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Exposure to Certain Allergens, Bacteria Before Age 1 Might Reduce Allergy Risk — Physician’s First Watch

Medical News |
June 9, 2014

Exposure to Certain Allergens, Bacteria Before Age 1 Might Reduce Allergy Risk

By Amy Orciari Herman

Edited by Susan Sadoughi, MD, and Jaye Elizabeth Hefner, MD

Infants exposed to high levels of certain allergens and bacteria before age 1 year have a lower risk for wheeze and atopy at age 3, according to a Journal of Allergy and Clinical Immunology study.

U.S. researchers studied some 500 infants at high risk for asthma in four inner-city areas. Household dust samples were collected annually and tested for allergenic proteins. For 100 infants, the bacterial content of house dust collected at age 3 months was also analyzed.

Overall allergen exposure through age 3 years was associated with allergic sensitization, and, in turn, recurrent wheeze. However, children with high levels of exposure to cockroach, mouse, and cat allergens before age 1 were less likely to have recurrent wheeze at age 3. In addition, first-year exposure to certain bacteria (from phyla Bacteroidetes and Firmicutes) appeared protective against atopy and wheeze.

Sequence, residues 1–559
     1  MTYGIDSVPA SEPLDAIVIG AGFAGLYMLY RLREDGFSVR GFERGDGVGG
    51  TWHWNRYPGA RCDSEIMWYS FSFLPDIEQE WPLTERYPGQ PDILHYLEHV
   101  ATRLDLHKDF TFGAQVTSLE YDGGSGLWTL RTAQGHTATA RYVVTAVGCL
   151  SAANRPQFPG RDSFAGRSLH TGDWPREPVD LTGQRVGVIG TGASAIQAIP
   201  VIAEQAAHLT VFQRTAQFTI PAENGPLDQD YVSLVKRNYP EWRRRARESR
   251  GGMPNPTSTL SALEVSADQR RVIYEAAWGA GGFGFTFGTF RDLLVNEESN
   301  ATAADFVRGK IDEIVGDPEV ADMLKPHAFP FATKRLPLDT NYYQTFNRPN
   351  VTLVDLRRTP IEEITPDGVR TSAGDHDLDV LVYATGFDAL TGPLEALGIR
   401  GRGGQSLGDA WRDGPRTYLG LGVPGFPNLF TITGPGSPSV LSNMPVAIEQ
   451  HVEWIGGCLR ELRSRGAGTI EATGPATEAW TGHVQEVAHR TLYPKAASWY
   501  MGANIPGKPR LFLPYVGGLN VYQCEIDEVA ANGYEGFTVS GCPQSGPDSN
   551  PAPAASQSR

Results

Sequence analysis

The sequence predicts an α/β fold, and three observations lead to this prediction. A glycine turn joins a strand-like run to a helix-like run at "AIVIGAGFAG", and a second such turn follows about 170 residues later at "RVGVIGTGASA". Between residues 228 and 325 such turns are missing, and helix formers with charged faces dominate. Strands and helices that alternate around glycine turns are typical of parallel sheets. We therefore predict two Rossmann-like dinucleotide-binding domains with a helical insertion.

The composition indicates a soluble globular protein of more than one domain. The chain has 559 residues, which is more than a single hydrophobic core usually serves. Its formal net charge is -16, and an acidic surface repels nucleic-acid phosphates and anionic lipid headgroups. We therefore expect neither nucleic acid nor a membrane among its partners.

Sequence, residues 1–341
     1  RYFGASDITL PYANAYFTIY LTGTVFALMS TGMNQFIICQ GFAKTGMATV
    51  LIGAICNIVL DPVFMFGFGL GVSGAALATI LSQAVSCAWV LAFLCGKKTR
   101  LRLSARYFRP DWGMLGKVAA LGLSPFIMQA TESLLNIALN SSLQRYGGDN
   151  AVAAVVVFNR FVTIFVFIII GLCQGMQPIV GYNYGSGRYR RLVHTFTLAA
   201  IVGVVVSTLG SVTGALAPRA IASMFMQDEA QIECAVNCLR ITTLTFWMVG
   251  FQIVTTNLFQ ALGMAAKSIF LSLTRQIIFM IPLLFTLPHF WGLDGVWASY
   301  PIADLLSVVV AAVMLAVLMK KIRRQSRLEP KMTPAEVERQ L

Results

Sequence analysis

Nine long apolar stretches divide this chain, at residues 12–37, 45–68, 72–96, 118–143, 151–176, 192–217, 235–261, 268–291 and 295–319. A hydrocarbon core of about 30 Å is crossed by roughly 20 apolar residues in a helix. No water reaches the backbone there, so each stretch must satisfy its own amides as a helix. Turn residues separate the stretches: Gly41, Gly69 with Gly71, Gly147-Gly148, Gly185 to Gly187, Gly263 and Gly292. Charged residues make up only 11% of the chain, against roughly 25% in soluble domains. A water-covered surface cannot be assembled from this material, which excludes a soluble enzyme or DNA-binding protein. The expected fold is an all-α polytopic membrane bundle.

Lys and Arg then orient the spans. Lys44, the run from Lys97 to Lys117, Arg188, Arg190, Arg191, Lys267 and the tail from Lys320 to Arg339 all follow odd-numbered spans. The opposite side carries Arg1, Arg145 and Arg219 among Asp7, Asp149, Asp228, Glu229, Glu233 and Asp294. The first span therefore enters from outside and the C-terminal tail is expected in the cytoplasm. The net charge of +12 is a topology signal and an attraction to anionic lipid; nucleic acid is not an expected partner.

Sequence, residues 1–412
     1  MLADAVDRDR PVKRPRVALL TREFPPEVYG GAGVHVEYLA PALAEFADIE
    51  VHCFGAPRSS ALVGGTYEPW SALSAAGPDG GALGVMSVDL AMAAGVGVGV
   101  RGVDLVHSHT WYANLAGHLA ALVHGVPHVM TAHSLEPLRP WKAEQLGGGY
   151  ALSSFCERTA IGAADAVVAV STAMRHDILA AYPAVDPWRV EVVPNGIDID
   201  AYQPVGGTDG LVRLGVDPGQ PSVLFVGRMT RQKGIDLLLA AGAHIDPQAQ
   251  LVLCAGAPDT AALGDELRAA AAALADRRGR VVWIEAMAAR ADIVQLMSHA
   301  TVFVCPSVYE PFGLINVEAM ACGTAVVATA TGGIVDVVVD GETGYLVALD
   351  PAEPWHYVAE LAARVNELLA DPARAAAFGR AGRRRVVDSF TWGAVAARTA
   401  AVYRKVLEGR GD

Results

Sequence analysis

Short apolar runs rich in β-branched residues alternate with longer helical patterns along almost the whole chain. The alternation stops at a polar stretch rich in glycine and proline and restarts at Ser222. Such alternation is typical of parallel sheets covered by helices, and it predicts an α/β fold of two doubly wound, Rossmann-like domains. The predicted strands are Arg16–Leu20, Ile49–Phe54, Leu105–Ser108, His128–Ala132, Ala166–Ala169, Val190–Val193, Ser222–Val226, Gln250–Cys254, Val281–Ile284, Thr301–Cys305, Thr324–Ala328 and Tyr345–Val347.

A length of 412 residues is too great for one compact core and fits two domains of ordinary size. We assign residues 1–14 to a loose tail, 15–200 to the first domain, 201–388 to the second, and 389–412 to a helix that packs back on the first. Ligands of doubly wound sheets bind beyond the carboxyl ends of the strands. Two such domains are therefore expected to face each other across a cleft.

The authors call the first few months of life "critical" in allergic disease development, noting that "concomitant exposure to high levels of certain allergens and bacteria ... might be beneficial."

Reader Comments (2)

MONDAY, MD Physician, Surgery, General, OFFICE AND OR

This supports old Dr. Page's advice to my mother to let me play "in the dirt" in 1941. No allergies yet. For what ever testimonial support is worth.

MONDAY, MD Physician, Surgery, General, OFFICE AND OR

This supports old Dr. Page's advice to my mother to let me play "in the dirt" in 1941. No allergies yet. For what ever testimonial support is worth.

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